The Bloomberg administration in New York has happened upon an idea for at least partially solving the city's homeless problem: Buy them tickets to get to the homes of relatives in the U.S. or abroad who will take them in.
Along the way, the New York Times's coverage of the story throws out an estimate of annual costs to take care of a homeless family that is either ridiculously high, or indicative of out-of-control bloat. The story also reveals the dense logic of a so-called "homeless advocate" who believes that the people sent away are still homeless. Finally and separately, though I couldn't find a reference myself, a well-known blogger asserts that a similar approach to the problem taken by another city was derided as uncaring.
The New York Times' Paul Krugman is a Nobel Prize-winning economist and staunch champion of government medicine a la the Canadian model of our neighbors to the north.
Just this past Saturday in "Toyota, Moving Northward" he flogged the advantages of the single-payer system Canada offers. He postulated that one reason why the Japanese auto maker is locating it's new RAV4 plant in Ontario is their government medicine:
Canada's other big selling point is its national health insurance system, which saves auto manufacturers large sums in benefit payments compared with their costs in the United States.
Suddenly Krugman the Leftist is all for huge government subsidies for big business.
Krugman's Nobel-prize winning economic mind then offers up:
So what's the impact on taxpayers? In Canada, there's no impact at all: since all Canadians get government-provided health insurance in any case, the additional auto jobs won't increase government spending.
Really? Adding workers brought in from outside Canada to the government rolls won't increase government spending? A little of Krugman's new math: X plus 5,000 still somehow equals X.
This post proves the point, as if it even needs to be proven, that you have to go to the editorial pages of publications like the Wall Street Journal and Investors Business Daily to get your news when leftists are in control of the government.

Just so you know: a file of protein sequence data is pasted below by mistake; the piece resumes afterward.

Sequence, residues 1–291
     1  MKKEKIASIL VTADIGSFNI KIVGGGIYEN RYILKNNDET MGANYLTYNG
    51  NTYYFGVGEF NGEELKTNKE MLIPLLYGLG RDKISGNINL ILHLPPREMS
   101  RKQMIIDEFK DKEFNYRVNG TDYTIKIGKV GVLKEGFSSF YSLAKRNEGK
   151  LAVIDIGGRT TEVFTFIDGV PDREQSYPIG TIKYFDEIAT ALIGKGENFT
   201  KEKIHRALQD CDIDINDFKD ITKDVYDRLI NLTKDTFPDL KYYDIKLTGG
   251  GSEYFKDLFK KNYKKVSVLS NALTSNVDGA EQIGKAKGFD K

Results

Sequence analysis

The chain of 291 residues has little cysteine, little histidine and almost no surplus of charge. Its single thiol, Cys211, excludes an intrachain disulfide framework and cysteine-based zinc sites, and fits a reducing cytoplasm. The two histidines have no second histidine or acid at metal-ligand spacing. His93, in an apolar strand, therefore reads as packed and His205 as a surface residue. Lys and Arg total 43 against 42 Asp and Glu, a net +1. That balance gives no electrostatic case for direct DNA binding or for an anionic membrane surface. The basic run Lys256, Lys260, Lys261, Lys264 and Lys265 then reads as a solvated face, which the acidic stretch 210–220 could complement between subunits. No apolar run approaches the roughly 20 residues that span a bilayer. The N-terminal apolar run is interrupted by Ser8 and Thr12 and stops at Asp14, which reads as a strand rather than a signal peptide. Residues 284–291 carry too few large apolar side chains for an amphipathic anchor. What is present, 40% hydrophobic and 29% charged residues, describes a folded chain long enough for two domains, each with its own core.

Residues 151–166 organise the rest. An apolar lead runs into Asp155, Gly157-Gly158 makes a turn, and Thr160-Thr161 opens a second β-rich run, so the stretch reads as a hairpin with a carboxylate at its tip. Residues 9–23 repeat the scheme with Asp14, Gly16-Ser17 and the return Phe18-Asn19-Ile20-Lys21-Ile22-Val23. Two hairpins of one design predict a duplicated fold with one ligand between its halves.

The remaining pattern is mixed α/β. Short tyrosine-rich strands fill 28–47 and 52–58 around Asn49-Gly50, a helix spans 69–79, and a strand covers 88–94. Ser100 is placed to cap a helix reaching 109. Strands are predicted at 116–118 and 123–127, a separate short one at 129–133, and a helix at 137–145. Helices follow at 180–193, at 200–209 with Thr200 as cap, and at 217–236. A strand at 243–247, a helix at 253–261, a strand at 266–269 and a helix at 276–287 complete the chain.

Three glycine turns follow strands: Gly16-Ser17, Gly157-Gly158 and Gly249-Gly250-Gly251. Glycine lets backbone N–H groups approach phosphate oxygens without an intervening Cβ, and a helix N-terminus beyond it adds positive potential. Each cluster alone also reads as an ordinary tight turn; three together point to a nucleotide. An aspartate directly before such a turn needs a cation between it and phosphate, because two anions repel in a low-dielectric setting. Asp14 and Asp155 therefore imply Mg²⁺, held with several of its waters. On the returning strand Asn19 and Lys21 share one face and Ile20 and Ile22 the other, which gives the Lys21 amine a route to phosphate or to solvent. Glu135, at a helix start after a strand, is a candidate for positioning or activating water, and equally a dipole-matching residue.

When the topic is statist health care, that's doubly true.
IBDeditorials.com got to Page 16 of the House's health care bill, did the investigative work the establishment media was either too lazy to do -- or worse, other outlets did the work and didn't think readers should know what IBD found.
Yesterday afternoon, IBD laid the following bombshell on its readers (HT to dscott; I also heard Rush mention this a short time ago; bolds after title are mine):
It's Not An Option
Congress: It didn't take long to run into an "uh-oh" moment when reading the House's "health care for all Americans" bill. Right there on Page 16 is a provision making individual private medical insurance illegal.
An editorial in yesterday's Wall Street Journal bemoaned the fact that the state-run health system in Massachusetts is failing, and that its implosion isn't common knowledge.
Formally known as CommonwealthCare, the Massachusetts scheme has the political name of "RomneyCare," in "honor" of the Bay State governor and former presidential candidate who championed its passage in 2006.
The Journal understands that the Bay State Blowup is one of the media's least-covered stories because exposure of CommonwealthCare's true results would make all too clear the awaiting disasters found in the various versions of ObamaCare Congress is considering for the entire country.
The Journal editorial yesterday primarily addressed what I'll call the "free rider" problem (link to outside blog post added by me; bolds are mine):
Call it "Yankee Imperialist Corrupts Impressionable Iraqi Youth":
Am I supposed to believe that USA Today had no other more relevant pictures they could have used? The fact that they went back to an AP file photo from 2007 is pretty strong evidence that USAT's page-fillers were looking to make a point.